Bishop Philippe Jourdan asked for the attention of the congregation for a special announcement toward the end of the Estonian mass at the Church of St Peter and St. Paul in Tallinn yesterday.
“Not to say there are unimportant announcement; however, this one is especially important,” the bishop said, after having first delivered more mundane information: reminding the congregation of a theology lecture to follow the Estonian mass and this Friday’s movie night that will treat Tallinn’s Catholics to 2010 PÖFF feature, Xavier Beauvois’ “Of Gods and Men” that tells the story of monks who died as martyrs in Algeria in 1996.
“If earlier in the year, the papal nuncio said it was 90 percent, today it is 99 percent certain Pope Francis will visit Estonia next year,” Bishop Jourdan told the congregation, asking members to pray for the visit.
“There is little more to tell you until the Holy See discusses and agrees on some aspects with the Republic of Estonia and discloses the details, including date and program of the papal visit,“ the bishop later told Postimees.
„What I can say is that the papal nuncio [for the Baltics] [Archbishop Pedro Lopez Quintana] met with Pope Francis a few days ago,“ the head of the Estonian Catholic Church said. „The pope said he is sincerely glad to be making preparations for visiting Estonia, and that he really wants to come see us.“
Jourdan, who was born in France and later took Estonian citizenship, added that the news is remarkable, considering the pope has not even had time to visit France or his country of origin Argentina.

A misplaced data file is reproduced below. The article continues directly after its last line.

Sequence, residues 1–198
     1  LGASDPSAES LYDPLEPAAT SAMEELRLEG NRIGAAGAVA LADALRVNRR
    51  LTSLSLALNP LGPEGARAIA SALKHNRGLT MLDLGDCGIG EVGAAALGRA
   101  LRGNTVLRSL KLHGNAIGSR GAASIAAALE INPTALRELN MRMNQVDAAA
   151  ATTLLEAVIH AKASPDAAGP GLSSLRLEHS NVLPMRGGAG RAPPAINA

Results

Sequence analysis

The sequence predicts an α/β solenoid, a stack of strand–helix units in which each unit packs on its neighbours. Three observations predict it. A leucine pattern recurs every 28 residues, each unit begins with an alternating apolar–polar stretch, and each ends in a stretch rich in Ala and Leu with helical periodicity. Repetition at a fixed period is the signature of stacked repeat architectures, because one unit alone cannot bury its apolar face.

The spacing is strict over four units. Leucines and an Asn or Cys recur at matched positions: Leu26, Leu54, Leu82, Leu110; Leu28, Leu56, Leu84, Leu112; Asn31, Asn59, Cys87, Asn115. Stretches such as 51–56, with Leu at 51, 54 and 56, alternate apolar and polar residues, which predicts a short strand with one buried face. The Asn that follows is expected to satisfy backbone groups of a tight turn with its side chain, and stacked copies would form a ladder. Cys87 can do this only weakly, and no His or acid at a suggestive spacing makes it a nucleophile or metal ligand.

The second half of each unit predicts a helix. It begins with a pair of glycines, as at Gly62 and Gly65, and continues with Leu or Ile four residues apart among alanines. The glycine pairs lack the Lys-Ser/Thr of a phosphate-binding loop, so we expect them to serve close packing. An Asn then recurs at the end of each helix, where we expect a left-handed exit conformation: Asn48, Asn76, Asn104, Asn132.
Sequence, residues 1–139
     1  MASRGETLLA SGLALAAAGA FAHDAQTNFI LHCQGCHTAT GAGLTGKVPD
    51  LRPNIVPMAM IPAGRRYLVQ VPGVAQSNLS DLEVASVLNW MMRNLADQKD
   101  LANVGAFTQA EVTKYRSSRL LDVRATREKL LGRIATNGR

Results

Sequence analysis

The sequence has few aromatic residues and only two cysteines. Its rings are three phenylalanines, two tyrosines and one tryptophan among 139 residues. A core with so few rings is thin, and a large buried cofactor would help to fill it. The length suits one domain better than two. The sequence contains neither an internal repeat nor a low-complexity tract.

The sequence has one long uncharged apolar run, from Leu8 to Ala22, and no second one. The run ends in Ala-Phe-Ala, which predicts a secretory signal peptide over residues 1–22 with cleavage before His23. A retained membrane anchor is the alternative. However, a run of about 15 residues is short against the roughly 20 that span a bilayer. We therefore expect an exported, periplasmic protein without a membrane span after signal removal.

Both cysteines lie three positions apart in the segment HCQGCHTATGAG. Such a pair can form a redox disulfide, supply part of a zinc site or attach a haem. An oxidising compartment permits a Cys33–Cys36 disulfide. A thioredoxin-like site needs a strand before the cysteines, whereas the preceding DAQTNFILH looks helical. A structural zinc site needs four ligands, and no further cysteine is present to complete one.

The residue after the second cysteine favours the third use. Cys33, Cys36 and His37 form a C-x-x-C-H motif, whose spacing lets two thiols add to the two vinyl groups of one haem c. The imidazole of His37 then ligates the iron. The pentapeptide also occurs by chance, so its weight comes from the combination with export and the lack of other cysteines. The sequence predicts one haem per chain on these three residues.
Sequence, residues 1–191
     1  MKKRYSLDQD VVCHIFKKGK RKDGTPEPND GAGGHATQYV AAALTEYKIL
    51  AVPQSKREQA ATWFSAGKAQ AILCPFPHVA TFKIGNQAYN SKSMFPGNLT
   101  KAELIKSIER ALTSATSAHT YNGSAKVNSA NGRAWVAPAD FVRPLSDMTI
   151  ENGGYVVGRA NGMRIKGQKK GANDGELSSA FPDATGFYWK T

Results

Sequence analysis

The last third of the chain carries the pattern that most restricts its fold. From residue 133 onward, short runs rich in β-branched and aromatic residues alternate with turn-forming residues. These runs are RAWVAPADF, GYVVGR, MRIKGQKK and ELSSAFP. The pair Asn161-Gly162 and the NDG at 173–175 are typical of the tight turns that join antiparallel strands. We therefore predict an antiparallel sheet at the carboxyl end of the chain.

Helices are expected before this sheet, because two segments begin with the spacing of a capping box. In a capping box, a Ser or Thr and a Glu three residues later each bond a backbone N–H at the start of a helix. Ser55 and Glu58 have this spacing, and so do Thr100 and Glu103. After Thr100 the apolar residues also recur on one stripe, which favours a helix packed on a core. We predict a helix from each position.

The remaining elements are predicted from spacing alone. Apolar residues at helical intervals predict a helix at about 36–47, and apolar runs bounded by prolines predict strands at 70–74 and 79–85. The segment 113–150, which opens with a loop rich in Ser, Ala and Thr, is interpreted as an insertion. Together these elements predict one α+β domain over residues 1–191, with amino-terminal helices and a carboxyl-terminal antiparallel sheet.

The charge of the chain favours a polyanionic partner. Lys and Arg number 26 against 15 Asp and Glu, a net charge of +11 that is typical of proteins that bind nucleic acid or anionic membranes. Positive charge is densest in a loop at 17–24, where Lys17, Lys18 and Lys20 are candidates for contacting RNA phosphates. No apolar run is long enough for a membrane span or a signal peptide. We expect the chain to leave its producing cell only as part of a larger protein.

Should Pope Francis visit Estonia, he would become the second pope to have done so. Pope John Paul II visited Estonia on September 10, 1993.
Pope John Paul II, originally from Poland, held two masses during his 10-hour visit to Estonia, one in the Church of St. Peter and St. Paul and the other in Tallinn’s Freedom Square. He also attended an ecumenical prayer in Tallinn’s St. Nicholas’ Church and met with Prime Minister Mart Laar and President Lennart Meri.
The pope visited all three Baltic countries one after another in 1993: first, the predominantly Catholic Lithuania, then Latvia, and finally Estonia. Considering that all three states will celebrate their 100th anniversary in 2018, it seems likely the head of the Catholic Church will also visit all three countries this time.
Representatives of the two southern Baltic countries have met with the pope in Vatican this year. President of Latvia Raimonds Vejonis visited the Holy Father on June 2, and Prime Minister of Lithuania Saulius Skvernelis on October 6.
In Estonia, the message of the pope’s upcoming visit was the second piece of good news from Vatican last weekend. Pope Francis presented Estonian composer Arvo Pärt with the Ratzinger Prize, created by Pope Emeritus Benedict XVI, on Saturday.
Pärt is not only the first Estonian, but also the first composer to be awarded the prize. Other recipients of the Ratzinger Prize this year were Lutheran theologist, Principal of the Strasbourg Institute for Ecumenical Research Theodor Dieter and Catholic priest, Professor Emeritus of Dogmatic Theology at the University of Bonn Karl Heinz Menke.
Pärt also performed his composition “Pater Noster”, dedicated to the 60th anniversary of the ordination as priest of Benedictus XVI, on the piano at the ceremony. News agency Zenit reported that Pärt being awarded the prize shows Benedictus XVI’s appreciation for arts that help people move closer to the truth and meet God.
The Catholic Church is growing: the number of Catholics and their relative importance in Christendom is growing. The latest data suggests there are approximately 1.3 billion Catholics in the world. The 2011 census puts the number of Estonian Catholics at 4,500.